N.M. Stat. Ann. § 41-2-1

Who can file the suit?

41-2-3. Personal representative to bring action; damages; distribution of proceeds.

Every action mentioned in Section 41-2-1 NMSA 1978 shall be brought by and in the name of the personal representative of the deceased person, and the jury in every such action may give such damages, compensatory and exemplary, as they deem fair and just, taking into consideration the pecuniary injury resulting from the death to the surviving party entitled to the judgment, or any interest in the judgment, recovered in such action and also having regard to the mitigating or aggravating circumstances attending the wrongful act, neglect or default. The proceeds of any judgment obtained in any such action shall not be liable for any debt of the deceased; provided the decedent has left a spouse, child, father, mother, brother, sister or child or children of the deceased child, as defined in the New Mexico Probate Code [Chapter 45 NMSA 1978], but shall be distributed as follows:

A. if there is a surviving spouse and no child, then to the spouse;

B. if there is a surviving spouse and a child or grandchild, then one-half to the surviving spouse and the remaining one-half to the children and grandchildren, the grandchildren taking by right of representation;

C. if there is no husband or wife, but a child or grandchild, then to such child and grandchild by right of representation;

D. if the deceased is a minor, childless and unmarried, then to the father and mother who shall have an equal interest in the judgment, or if either of them is dead, then to the survivor;

E. if there is no father, mother, husband, wife, child or grandchild, then to a surviving brother or sister if there are any; and

F. if there is no kindred as named in Subsections A through E of this section, then the proceeds of the judgment shall be disposed of in the manner authorized by law for the disposition of the personal property of deceased persons.

Wrongful Death Damages - in addition to lost income, and the value of the life lost, what about non-pecuniary damages?

In 1994, the New Mexico Supreme Court reversed the law and permitted the jury to award damages to the statutory beneficiaries based upon their sense of loss arising from the wrongful removal of their loved one, but with a twist:

The New Mexico Supreme Court reviewed the law and in response to a question from a federal court, stated:

In the first case, Romero v. Byers, we reverse and recognize a claim for loss of spousal consortium. In the related question certified to this Court by the Court of Appeals regarding the motion in limine, we affirm. Damages for loss of spousal consortium may not be awarded under the Act but must be sued for by the spouse or the personal representative in an individual capacity. Even though Mrs. Romero is now deceased, this action may be continued by her personal representative.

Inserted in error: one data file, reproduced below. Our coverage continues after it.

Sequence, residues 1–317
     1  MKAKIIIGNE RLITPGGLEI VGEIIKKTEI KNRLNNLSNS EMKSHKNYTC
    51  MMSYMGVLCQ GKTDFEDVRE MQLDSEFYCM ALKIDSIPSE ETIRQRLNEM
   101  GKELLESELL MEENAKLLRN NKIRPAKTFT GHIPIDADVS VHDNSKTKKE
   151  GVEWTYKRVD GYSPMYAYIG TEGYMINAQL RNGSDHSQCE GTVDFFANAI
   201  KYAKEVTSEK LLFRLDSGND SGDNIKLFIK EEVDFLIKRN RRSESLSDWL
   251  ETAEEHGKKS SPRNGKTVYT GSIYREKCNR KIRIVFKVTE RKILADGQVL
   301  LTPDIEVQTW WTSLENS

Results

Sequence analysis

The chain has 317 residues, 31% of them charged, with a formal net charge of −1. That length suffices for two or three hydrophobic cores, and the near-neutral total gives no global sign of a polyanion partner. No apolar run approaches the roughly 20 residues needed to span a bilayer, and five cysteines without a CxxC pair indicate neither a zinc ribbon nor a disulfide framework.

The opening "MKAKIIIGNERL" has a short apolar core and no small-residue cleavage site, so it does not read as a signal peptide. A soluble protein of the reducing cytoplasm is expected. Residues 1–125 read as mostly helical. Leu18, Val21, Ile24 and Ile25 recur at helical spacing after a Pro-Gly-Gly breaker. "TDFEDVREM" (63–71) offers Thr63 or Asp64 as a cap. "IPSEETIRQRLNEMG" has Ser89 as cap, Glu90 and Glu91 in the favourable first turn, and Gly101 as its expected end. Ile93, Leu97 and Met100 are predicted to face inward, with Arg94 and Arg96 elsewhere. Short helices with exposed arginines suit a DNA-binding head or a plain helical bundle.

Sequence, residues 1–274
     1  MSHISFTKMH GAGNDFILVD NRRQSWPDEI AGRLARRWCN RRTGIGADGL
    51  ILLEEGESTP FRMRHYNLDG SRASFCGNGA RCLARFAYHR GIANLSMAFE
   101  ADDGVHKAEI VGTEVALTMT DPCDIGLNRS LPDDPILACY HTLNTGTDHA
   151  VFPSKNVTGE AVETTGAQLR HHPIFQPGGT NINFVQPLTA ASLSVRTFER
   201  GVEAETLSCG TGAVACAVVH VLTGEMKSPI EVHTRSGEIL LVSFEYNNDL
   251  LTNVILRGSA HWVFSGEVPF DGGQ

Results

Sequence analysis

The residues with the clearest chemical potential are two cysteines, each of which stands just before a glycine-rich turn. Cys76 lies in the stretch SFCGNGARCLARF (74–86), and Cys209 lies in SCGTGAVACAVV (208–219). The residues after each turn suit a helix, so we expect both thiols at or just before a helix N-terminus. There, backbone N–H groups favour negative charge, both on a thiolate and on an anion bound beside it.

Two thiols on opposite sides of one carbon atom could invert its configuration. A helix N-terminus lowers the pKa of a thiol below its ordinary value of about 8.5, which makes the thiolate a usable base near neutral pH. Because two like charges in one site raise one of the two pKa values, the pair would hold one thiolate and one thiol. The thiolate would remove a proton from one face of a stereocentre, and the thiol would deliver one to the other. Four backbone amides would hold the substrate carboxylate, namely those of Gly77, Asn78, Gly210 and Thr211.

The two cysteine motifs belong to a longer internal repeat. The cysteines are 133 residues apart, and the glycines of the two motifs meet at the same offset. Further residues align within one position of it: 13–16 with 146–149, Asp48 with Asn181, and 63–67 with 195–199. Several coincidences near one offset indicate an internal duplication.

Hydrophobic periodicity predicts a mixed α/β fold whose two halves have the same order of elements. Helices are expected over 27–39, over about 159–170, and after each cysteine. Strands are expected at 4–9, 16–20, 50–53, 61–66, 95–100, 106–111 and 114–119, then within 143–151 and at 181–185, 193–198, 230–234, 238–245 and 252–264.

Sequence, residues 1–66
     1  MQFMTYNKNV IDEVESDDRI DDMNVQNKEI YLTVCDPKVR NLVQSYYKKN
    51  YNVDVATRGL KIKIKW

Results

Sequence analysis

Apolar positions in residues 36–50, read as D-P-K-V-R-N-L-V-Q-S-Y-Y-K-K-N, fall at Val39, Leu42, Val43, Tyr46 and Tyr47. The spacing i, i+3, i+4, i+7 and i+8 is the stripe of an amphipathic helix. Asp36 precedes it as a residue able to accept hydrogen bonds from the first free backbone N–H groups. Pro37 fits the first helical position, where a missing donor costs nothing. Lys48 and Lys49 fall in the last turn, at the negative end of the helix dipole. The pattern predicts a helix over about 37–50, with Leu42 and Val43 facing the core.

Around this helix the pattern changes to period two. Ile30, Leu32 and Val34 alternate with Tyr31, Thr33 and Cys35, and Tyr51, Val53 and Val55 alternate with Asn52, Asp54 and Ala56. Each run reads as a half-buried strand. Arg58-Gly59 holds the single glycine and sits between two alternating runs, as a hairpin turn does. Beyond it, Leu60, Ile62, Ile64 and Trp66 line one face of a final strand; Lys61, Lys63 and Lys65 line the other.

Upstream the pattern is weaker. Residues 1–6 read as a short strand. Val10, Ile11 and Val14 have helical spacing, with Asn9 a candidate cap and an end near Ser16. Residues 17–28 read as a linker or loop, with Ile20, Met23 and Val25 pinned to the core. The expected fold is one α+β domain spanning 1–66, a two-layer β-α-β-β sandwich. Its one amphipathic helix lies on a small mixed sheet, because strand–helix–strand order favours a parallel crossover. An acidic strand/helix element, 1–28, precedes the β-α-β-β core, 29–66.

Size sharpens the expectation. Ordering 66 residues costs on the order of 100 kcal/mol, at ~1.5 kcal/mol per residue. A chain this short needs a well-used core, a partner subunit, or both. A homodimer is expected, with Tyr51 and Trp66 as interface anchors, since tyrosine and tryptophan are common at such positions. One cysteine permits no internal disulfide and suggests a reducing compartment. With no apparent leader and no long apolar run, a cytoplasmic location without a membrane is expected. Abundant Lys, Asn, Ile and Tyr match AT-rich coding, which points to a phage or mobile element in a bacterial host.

In the first question certified by the Federal District Court, Sears v. Nissan, we hold that the value of life itself is compensable under the Act. Admissibility of evidence directed at establishing this value is governed by the rules of evidence of the applicable trial court.

In the second question certified in Sears, we hold that loss of guidance and counseling by a minor child is a pecuniary injury under the Act and that SCRA 13-1830 does not bar recovery.



Romero v. Byers, 1994-NMSC-031, ¶¶ 24-26, 117 N.M. 422, 429, 872 P.2d 840, 847

Who was negligent?

Civilly, it won’t make much difference — because all of the fellow employees are protected by New Mexico’s Worker’s Compensation Laws. Nevertheless, here are the likely suspects of negligent actors:

  • Alec Baldwin – who shot and killed director of photography Halyna Hutchins, married and mother of one child.
  • Dave Halls, who is reported to have handed Baldwin the gun telling him it was a “cold gun” without live rounds.
  • Hannah Gutierrez Reed was the armorer responsible for the firearm on the set.
  • Individual who put live rounds into the revolver and failed to remove it.
  • Their employers under the principle of vicarious liability.

What constitutes "Negligence"?

Failure to act like a reasonably prudent person in the exercise of ordinary care would do!

Did Alec Baldwin, et al. fail to do what a reasonably prudent person in the exercise of ordinary care would do?  A jury will be instructed,